Date of Conferral





Counselor Education and Supervision


Adrian S. Warren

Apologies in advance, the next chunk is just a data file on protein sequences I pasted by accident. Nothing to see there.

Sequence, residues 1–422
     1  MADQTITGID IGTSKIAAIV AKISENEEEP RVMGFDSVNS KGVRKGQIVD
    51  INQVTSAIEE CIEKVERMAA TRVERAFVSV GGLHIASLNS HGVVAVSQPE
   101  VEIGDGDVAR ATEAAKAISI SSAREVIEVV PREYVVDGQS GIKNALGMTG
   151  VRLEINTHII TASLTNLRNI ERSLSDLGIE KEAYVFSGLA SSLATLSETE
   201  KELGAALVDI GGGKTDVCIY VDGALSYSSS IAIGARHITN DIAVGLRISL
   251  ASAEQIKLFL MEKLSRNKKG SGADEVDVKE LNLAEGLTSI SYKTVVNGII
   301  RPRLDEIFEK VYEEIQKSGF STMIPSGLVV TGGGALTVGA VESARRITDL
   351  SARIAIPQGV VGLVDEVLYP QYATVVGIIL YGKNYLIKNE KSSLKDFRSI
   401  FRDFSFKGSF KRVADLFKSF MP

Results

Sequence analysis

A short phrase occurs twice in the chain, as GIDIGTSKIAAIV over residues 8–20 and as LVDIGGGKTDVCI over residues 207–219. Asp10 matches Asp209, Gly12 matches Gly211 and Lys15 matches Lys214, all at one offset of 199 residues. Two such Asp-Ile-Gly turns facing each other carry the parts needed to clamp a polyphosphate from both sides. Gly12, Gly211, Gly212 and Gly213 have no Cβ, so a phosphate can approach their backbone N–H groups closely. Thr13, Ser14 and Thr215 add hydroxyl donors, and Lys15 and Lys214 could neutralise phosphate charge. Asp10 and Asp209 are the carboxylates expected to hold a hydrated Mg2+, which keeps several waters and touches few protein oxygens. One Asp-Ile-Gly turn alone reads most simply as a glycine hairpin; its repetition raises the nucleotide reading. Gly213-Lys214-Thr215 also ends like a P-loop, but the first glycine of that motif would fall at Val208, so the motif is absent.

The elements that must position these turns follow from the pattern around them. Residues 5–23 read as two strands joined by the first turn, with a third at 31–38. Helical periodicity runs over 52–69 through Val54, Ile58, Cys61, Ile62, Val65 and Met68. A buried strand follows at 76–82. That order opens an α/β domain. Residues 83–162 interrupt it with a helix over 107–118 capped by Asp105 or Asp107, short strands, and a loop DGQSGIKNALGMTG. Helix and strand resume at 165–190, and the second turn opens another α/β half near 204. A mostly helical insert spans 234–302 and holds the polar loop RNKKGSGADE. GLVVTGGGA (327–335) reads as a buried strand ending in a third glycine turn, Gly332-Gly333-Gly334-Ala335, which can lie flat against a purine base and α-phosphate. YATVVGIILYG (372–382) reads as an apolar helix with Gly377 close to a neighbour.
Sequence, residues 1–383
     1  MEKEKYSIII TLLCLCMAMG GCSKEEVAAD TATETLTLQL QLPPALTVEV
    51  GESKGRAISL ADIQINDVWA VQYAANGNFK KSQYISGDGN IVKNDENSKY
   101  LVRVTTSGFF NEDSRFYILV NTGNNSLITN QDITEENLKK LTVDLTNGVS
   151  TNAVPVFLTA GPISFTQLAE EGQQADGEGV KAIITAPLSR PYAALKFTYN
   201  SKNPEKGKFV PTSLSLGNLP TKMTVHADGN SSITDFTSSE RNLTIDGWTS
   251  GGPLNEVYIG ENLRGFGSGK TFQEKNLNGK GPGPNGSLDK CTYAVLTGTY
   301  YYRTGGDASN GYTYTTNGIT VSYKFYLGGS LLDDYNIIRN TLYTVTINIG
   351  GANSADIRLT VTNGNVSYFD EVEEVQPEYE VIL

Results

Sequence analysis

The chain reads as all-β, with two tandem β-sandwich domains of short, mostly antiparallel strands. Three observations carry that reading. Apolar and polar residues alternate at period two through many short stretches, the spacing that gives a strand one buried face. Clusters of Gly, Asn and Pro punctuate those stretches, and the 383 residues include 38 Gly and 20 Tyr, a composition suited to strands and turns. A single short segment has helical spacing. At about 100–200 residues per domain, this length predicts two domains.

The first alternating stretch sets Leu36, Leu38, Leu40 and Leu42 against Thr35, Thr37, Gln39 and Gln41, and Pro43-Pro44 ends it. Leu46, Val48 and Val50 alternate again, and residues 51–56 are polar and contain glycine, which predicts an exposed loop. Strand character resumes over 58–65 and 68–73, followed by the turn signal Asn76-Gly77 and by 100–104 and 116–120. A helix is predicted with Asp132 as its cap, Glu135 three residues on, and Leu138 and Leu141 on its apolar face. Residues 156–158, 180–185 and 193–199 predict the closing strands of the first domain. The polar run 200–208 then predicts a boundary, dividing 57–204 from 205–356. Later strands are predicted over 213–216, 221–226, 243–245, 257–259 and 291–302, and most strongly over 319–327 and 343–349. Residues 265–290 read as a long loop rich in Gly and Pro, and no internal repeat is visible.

Clinicians who work with sexually violent persons (SVPs) are faced with various problems related to the nature of their job duties, job settings, and the specificity of the population they serve. Although researchers have investigated the phenomenon of burnout extensively over the last decade, research focusing on burnout among counselors who work with SVPs is insufficient. The purpose of this quantitative comparative survey study was to investigate differences in burnout among clinicians working with SVPs by examining their grit, the supervisory working alliance, and job settings. The Grit Short Scale (Grit-S), the Supervisory Working Alliance Inventory—Trainee version (SWAI-T), and the Counselor Burnout Inventory (CBI) were used to evaluate the differences in burnout levels. The sample size for this study was N = 95 and included master’s and doctoral-level clinicians from counseling, social work, psychology, marriage and family, and substance abuse fields. The participants responded from 16 states across the United States. A comparative survey design and a three-way ANOVA were used to examine differences between the groups. The results revealed that the clinicians with high grit and a strong supervisory alliance had significantly lower burnout than clinicians with low grit and a weak or a medium supervisory working alliance. There was no significant difference in burnout by job settings. The results of this study contribute to social change by highlighting the role of individual and organizational factors in burnout. This understanding can help develop effective interventions to prevent clinician burnout and increase the quality of provided services.